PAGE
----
Calf Cove and The Restaurant

September 24, 2006

Well, it certainly WAS warmer than yesterday. Thank goodness it wasn’t wet hardly at all. But it was very breezy. We went north again heeding a forecast of “40 knots from the SW by 11 AM.” It never got that bad. 15-20 from the west, maybe. Not more.

We tried going over the top of Halibut Point, but turned back to Calf Cove inside Folly Cove. I anchored outside it in about 25 feet of water. Kurt Brown and Peter worked on skills. Richard Brandolini went sight-seeing because he’d never been to Folly Cove before. Laurent went hunting.  He’d noticed salps in the marina before we left, but didn’t see any in open water today.

The water was 60 degrees on the surface and we flapped at anchor like a flag in slow motion as the breeze swung us back and forth.   Pat Walsh was crew and her ear worked fine.

Laurent saw a school of striped bass along the wall.  Richard and he both saw a huge lobster, but not many anemones were out.

The second dive was just across the cove in 28 feet beside the restaurant called The Lobster Pool.  This time, I got wet too.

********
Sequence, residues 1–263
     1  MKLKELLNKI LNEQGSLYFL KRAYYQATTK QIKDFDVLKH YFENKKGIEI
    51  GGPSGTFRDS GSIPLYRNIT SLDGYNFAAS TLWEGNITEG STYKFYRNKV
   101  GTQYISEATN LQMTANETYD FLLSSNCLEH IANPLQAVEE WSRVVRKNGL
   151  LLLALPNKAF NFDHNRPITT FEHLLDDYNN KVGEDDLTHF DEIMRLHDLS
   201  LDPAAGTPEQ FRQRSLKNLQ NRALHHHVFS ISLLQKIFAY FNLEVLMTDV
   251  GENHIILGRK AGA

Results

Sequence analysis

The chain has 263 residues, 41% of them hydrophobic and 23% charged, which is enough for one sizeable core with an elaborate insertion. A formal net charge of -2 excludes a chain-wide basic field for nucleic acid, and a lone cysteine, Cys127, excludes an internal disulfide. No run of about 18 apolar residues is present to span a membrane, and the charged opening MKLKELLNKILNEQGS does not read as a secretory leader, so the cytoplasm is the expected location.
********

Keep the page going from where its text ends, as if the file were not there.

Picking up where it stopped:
The water was warm enough on the surface, but in the low 50’s at 40 feet.  The thermocline was at about 35 feet.  I saw lots of lobsters walking around on the bottom, not hiding at all.   I swam over to the wall and saw critters going about their Sunday afternoon business.  The tide was high and everyone was snacking on something.

We watched the sky cloud over and clear several times during the day, so the ride back down the river was a relief as the sun stayed out.  It was actually hot.  The weather person on channel 5 said this would be the last hot day of the season.

I hope she’s wrong.

Folly Cove and Lanesville Shores

September 23, 2006

We were expecting rain. However, the wind was from the south and that meant we could go north. During the morning’s drive-around with Dunkin and a corn muffin, we decided that Folly Cove looked best.

As we were loading the boat, it started to drizzle. I got into my foul weather gear and drove from the upper station so as to give the passengers as much room as possible to stay warm in the cabin. Daybreaker was already at Folly Point as we pulled into the cove. He was almost done and left before our people got into the water.  I anchored half way between the inner point and the outer point of the cove.

Paul Savageau, Nan and Lilly Nutt, Curt Brown and Laurent Dubois were in the water quickly. It was 55 feet below the boat and the thermocline was at about 35 feet. Nan said it was warm enough in the first 35 feet, but got cold quickly after that. It was also dark and silty. She and her daughter stayed shallow for the rest of their dive.  By this time, it was raining steadily.